Athens is possibly my favorite place on the continent. I’ve been dreaming of the little town for months and it lived up to my most charmed imaginations of the place. Old South feeling mansions and streets, 1930’s-y downtown that’s still busting with little cafes and record shops and students, hip collegiates with darling drawls, and a foodie culture rivaling any big city. Athens is always popping up in food blogs, whether it’s quaint little picnics on the quad complete with mason jars of sweet tea, big slabs of french toast stuffed with the famous peaches, or accolades for the seasonal, local, perfect meals in the town’s multitude of restaurants. There were so many restaurants I wanted to try in Athens, I could have camped out there for days, stuffing myself with soul food and doughnuts. But, alas, we only had an evening and a morning in the town of joy. So I choose Five and Ten for dinner, after reading scores of reviews calling it the very best restaurant in the city. And then also watching the chef’s youtube channel. And reading his blog. And the menus of all his restaurants. And planning my whole life around being his apprentice girl. We arrived at Five & Ten a bit damp after the surprisingly long walk from the hotel, and were glad to sit down at our cozy table beneath a big charcoal caricature of typical restaurant goings-on. The restaurant was just the right amount of crowded, almost every table full, University of Georgia professors laughing and talking over their plates and glasses. Our kind waiter, bedecked in a plaid shirt and complete with just a little bit of that soft southern voice , explained all the mouth-watering specials and helped me decide what to order. Mama and I started with a split of one of the specials; Mario Batalli’s Sicilian Lifeguard Calamari. …I think I saw God. The only word that I can think of to describe the calamari itself is creamy. I don’t know how, bit the little squids were creamy. Cooked in a rich tomato broth, with sweet and spicy and an almost cinnamon-y quality to it, along with hearty chewy barley, which somehow went absolutely perfectly with the whole dish. I’ve eaten a lot of good things. This was one of the best. After that, we did another split, this time of the watermelon feta salad, which I had watched a little tutorial about on youtube, so I had to try it. Layered watermelon and feta, with arugula in a light little vinaigrette  and topped with pickled watermelon rind and the thinnest thin slices of serrano chilies. Cool and salty and spicy and good. Then for dinner I had the Low Country Frogmore Stew, a leek tomato broth filled with all kinds of good things. Corn on the cob, spicy sausage, shrimp, little fingerling potatoes. Simple and perfect, and presented really cleverly. Mom got flounder, all dressed up in crispy bread crumbs and getting cozy with the sweetest sweet corn, all creamed and good, and some fried tomatoes. And though I was incalculably stuffed by this point, I had to order dessert. The couple next to us had gotten the pistachio cake, topped with a little local fig, and though I couldn’t possibly fit in the cake, I desperately coveted that fig. So I got a scoop of blackberry lavender sorbet and a sweetly-requested tiny fig. Perfect perfect perfect. The little fig was sweet and soft and fresh, just as perfect as I had hoped as I oggled the fruit one table over. And the sorbet sort of graceful in a weird personification-of-food way, the lavender calming down the blackberry. It was a heavenly dinner and we left in cloud of food bliss, the long walk home almost effortless.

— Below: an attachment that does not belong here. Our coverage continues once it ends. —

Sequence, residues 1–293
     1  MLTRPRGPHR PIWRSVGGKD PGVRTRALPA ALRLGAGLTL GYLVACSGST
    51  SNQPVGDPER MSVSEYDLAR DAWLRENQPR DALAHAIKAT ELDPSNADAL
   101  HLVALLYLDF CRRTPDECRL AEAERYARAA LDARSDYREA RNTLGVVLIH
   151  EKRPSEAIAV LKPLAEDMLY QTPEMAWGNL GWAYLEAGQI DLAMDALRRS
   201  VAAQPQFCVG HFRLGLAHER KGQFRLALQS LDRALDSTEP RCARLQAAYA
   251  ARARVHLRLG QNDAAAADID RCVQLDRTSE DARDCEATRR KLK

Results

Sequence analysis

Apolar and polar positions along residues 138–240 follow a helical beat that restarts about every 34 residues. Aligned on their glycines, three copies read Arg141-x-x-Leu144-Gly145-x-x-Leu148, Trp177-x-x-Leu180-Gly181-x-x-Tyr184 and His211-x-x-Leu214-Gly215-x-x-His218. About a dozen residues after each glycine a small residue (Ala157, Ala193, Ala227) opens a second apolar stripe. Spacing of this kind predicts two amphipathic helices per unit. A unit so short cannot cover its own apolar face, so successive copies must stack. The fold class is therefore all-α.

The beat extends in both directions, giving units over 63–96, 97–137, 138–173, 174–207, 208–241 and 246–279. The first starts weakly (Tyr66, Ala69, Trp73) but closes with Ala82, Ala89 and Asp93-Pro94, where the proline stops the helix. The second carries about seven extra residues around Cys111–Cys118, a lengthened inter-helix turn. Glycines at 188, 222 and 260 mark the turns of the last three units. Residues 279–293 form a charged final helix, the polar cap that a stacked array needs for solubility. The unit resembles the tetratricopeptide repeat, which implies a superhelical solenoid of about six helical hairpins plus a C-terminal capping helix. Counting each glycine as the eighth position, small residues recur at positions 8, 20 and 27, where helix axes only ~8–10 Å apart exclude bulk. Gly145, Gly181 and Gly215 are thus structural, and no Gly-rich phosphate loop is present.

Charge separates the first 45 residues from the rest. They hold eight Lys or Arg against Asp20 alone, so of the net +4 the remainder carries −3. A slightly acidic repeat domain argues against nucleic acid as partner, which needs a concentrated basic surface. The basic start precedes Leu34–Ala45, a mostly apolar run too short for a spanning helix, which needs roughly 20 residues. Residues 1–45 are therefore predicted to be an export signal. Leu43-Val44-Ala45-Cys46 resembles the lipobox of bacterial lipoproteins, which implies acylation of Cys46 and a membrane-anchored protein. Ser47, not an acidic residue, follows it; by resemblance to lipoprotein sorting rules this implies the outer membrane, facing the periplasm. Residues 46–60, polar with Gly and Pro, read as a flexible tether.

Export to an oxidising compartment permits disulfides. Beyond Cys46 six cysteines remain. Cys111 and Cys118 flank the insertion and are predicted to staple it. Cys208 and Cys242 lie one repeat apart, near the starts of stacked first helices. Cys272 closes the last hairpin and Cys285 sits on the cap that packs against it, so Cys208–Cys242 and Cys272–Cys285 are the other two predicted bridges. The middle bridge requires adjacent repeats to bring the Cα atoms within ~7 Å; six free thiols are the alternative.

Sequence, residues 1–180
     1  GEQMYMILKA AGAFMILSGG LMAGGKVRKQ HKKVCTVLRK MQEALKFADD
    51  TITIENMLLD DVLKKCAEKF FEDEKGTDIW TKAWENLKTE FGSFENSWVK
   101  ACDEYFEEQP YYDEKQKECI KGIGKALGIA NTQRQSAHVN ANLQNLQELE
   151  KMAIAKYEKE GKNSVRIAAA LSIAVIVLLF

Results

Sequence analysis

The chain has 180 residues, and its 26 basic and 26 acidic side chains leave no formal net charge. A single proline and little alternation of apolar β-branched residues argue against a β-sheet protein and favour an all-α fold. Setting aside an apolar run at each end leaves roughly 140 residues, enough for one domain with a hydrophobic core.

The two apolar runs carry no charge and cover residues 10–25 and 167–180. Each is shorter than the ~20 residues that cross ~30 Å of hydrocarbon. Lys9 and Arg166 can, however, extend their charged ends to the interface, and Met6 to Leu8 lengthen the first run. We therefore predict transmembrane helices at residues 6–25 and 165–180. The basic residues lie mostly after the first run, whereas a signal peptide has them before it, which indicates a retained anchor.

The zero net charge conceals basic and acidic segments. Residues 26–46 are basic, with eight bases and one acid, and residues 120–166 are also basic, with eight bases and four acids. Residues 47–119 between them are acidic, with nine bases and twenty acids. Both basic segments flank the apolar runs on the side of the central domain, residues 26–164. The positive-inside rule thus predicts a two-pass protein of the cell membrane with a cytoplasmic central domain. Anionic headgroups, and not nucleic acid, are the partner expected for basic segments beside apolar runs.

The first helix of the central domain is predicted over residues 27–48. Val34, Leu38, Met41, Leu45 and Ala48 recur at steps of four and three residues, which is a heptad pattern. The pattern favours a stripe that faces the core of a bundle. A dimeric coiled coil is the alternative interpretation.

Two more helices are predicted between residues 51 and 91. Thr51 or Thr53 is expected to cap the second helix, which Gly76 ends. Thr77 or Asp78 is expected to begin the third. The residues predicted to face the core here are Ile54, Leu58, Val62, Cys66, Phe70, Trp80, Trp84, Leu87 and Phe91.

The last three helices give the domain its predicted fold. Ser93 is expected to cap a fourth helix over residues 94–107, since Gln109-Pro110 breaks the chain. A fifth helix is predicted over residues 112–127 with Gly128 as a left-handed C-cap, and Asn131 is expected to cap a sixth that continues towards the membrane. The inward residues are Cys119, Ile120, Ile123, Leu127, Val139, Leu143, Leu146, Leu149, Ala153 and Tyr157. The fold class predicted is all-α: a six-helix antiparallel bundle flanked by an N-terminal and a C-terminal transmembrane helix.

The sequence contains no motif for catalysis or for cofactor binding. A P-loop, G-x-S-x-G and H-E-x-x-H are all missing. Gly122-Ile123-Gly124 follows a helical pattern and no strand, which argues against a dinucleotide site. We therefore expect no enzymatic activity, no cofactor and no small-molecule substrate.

And all the photos turned out awful, so you have to use yer’ imagination.